intro story D-Flow FM


D-Flow Flexible Mesh

D-Flow Flexible Mesh (D-Flow FM) is the new software engine for hydrodynamical simulations on unstructured grids in 1D-2D-3D. Together with the familiar curvilinear meshes from Delft3D 4, the unstructured grid can consist of triangles, pentagons (etc.) and 1D channel networks, all in one single mesh. It combines proven technology from the hydrodynamic engines of Delft3D 4 and SOBEK 2 and adds flexible administration, resulting in:

  • Easier 1D-2D-3D model coupling, intuitive setup of boundary conditions and meteorological forcings (amongst others).
  • More flexible 2D gridding in delta regions, river junctions, harbours, intertidal flats and more.
  • High performance by smart use of multicore architectures, and grid computing clusters.
An overview of the current developments can be found here.
The D-Flow FM - team would be delighted if you would participate in discussions on the generation of meshes, the specification of boundary conditions, the running of computations, and all kinds of other relevant topics. Feel free to share your smart questions and/or brilliant solutions! 


We have launched a new website (still under construction so expect continuous improvements) and a new forum dedicated to Delft3D Flexible Mesh.

Please follow this link to the new forum: 

Post your questions, issues, suggestions, difficulties related to our Delft3D Flexible Mesh Suite on the new forum.





Sub groups
D-Flow Flexible Mesh
Cohesive sediments & muddy systems


Message Boards

Sediment Transport Differences

Alfonso M JR, modified 4 Years ago.

Sediment Transport Differences

Youngling Posts: 8 Join Date: 1/22/14 Recent Posts
Hello everyone,

I’m using Delft3D-FLOW to compute a mass balance of a only sediment fraction (named mud20, cohesive sediment) in a lagoon connected to the Ocean through several tidal inlets. In order to quantify the sediment mass that exits the domain, I defined cross-sections over the open boundaries of the model.

I plotted the results obtained for one of the cross sections and I’m not able to understand the differences between the different outputs obtained (SEE ATTACHED FIGURE). In the attached figure is shown (1) the cumulative total transport of mud20, (2) the cumulative advective transport of mud20, (3) the cumulative dispersive transport of mud20, and (4) the sum of cumulative advective and dispersive transport of mud20. The cumulative total transport was multiplied by the mud20 density to have kilograms of mud20.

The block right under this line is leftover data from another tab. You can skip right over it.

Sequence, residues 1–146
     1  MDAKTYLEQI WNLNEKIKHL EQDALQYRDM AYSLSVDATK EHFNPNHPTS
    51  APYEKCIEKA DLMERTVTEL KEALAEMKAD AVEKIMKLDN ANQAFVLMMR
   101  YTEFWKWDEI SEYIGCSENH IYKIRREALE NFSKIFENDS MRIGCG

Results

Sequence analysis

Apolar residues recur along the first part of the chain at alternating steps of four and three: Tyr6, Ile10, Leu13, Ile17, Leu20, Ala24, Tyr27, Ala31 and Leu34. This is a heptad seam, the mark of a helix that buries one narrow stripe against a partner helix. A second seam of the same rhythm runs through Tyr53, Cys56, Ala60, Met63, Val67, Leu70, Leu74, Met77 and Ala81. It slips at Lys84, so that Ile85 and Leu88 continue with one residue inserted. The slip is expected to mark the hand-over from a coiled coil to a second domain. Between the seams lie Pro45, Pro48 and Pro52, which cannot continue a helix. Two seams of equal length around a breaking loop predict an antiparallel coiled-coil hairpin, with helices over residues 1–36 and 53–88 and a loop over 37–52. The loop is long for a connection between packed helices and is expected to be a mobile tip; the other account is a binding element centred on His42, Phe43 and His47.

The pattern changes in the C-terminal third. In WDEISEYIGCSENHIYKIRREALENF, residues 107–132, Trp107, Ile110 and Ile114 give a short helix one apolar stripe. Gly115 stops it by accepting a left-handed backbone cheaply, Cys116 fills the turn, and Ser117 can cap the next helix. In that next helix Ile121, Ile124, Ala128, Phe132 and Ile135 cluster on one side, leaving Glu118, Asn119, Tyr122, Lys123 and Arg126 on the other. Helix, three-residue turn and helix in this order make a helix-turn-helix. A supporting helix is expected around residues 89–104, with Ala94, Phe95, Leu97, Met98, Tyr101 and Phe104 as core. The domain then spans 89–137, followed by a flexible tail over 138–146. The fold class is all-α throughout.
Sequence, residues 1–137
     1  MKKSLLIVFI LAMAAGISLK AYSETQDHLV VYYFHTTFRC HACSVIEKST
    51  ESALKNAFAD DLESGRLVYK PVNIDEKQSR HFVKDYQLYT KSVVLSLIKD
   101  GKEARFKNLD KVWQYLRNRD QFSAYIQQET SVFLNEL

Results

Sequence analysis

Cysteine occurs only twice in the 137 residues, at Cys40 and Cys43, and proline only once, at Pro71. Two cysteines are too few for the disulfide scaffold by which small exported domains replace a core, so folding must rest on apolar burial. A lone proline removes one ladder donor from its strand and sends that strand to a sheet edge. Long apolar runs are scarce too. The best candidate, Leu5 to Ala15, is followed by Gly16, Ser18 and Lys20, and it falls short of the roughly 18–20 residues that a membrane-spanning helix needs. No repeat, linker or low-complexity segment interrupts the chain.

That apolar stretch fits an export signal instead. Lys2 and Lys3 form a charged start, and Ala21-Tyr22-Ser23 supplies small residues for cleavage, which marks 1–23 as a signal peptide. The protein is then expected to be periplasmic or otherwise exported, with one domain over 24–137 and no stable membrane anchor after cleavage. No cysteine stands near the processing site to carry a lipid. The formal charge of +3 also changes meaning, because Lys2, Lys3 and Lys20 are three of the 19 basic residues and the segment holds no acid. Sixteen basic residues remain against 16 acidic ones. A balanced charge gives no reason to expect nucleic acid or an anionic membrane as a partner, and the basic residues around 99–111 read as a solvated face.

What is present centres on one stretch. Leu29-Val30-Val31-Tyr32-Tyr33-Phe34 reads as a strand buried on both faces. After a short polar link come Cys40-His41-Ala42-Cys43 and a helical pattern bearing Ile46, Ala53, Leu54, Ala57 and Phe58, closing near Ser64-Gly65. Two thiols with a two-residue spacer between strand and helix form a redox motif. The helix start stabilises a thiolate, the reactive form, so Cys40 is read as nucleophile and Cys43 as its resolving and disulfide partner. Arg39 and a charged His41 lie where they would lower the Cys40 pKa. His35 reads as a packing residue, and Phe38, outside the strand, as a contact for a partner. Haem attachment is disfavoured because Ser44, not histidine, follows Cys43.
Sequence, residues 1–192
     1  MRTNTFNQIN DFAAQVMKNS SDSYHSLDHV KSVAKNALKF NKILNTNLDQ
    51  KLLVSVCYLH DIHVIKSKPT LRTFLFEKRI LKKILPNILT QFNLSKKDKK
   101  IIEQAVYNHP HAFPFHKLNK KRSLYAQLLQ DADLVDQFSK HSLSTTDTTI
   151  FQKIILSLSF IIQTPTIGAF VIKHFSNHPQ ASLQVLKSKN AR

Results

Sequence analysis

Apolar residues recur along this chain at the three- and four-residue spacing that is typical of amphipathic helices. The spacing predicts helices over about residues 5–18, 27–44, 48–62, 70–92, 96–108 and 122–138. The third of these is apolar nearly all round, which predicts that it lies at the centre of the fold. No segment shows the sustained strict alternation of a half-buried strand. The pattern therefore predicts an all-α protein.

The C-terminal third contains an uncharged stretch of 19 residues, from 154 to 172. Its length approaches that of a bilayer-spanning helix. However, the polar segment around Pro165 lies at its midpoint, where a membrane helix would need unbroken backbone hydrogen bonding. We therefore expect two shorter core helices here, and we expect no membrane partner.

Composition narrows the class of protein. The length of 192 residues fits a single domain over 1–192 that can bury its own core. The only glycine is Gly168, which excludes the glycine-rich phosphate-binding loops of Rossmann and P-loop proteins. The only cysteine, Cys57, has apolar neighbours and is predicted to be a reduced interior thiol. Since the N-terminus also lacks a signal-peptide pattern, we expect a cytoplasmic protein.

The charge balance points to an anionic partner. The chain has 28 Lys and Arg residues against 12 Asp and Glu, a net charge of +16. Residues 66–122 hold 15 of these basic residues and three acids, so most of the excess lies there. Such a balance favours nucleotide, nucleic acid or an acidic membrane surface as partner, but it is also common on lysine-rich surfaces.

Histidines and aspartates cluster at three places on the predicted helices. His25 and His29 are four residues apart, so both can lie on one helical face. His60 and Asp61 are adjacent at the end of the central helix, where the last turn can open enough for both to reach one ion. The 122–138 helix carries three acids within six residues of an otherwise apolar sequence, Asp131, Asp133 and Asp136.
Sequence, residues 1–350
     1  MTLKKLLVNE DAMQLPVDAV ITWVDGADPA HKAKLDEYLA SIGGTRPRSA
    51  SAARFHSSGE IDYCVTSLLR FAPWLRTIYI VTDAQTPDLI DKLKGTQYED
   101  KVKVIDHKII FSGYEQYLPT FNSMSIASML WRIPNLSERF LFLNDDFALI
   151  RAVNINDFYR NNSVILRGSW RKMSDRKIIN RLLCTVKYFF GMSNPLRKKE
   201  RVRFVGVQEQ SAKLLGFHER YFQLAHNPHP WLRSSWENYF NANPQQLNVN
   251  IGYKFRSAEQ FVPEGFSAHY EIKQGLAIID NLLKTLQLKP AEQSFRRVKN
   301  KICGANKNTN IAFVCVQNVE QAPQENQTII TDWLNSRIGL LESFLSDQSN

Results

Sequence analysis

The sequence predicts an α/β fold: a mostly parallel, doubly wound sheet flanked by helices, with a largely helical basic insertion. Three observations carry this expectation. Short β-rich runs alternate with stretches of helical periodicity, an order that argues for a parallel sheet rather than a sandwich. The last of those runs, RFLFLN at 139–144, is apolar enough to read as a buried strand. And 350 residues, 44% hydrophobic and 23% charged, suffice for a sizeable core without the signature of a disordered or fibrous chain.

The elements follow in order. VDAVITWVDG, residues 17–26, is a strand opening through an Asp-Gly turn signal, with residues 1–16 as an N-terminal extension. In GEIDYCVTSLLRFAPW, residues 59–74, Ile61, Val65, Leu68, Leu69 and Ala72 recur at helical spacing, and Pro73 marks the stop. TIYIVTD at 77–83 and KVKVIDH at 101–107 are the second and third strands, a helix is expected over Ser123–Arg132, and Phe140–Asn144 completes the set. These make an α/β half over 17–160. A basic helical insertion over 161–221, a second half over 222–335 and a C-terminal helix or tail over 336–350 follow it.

I wonder if someone knows the difference between Cumulative Total Transport (black line) and Cumulative Advective+Dispersive Transport (red line), since I supposed the must be the same quantity.

Thank you very much in advance!

alfonso m
Qinghua Ye, modified 3 Years ago.

RE: Sediment Transport Differences

Jedi Council Member Posts: 612 Join Date: 3/2/11 Recent Posts
Hi Alfonso,

If it is still a problem for you, I tried to find a reply from our colleague, Bert Jagers in a previous mail/post(?). See if this answers your question.

The cum. advective transport is based on the local flow rate times the central average of the concentrations before and after the cross-section.
The cum. dispersive transport is based on the average of the diffusion coefficients before and after the cross-section and the concentration difference across the cross-section.
The flow engine of D-Flow2D3D uses an ADI scheme with two half time steps; both aforementioned output quantities are accumulated based on only the results of each second half time step assuming that the first half time step has identical behaviour.
To be accurate we should use the results of both half time steps and the same higher order and/or upwind schemes, so the approximate quantities “cum. advective/dispersive transport” on the his-file are not accurate enough for a detailed analysis.

Furthermore, these quantities consider only the suspended load, which is OK for MUD fractions, but not for SAND fractions which are also transported as bedload.
Finally, the suspended transport by the Delft3D advection diffusion solver is integrated over the full depth while the “near bed” suspended transport (below the reference height) is also included in the general definition of bed load, so there is actually some double counting of transport. To correct for this, we integrate the suspended transport below the reference height and subtract this from the suspended transport. The “cum. advective/dispersive transport” quantities have not been corrected for this, resulting in a yet another difference.

The cumulative total transport is computed by QuickPlot as the sum of cumulative bed load transport and cumulative suspended transport.
The latter two quantities are still based on the results of the second half time step only, but they are based on the correct numerical discretization and include the near bed corrective flux.


Noel Leo, modified 5 Months ago.

RE: Sediment Transport Differences

Youngling Posts: 13 Join Date: 12/24/19 Recent Posts
The good thing is we discuss it with each other and people are interested in discussions and they have knowledge too. I hope novo resume review soon starts something new for all of us and helps us in those topics which we don't know.
Young Hope, modified 7 Days ago.

RE: Sediment Transport Differences

Youngling Posts: 1 Join Date: 5/20/20 Recent Posts
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